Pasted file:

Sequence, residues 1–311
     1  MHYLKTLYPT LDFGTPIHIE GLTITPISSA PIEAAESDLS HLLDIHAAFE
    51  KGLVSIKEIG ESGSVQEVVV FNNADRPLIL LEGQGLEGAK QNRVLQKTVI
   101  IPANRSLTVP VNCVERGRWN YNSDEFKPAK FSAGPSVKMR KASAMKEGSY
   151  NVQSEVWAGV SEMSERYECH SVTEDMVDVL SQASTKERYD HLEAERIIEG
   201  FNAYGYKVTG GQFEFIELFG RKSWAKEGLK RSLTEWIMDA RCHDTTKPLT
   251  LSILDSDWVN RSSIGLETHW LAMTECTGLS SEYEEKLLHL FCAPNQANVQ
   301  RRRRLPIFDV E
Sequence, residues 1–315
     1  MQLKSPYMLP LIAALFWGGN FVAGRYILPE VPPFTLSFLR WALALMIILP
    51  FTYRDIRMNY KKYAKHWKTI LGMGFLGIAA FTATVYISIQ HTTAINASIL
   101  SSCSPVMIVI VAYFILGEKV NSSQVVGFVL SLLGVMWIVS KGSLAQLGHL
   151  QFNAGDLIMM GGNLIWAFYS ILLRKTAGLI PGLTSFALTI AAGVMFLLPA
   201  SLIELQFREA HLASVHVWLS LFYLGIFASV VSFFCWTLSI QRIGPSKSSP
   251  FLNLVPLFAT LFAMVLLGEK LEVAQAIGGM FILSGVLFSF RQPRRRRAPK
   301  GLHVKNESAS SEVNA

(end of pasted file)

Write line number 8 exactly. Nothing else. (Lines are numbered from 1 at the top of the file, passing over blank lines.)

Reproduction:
   301  RRRRLPIFDV E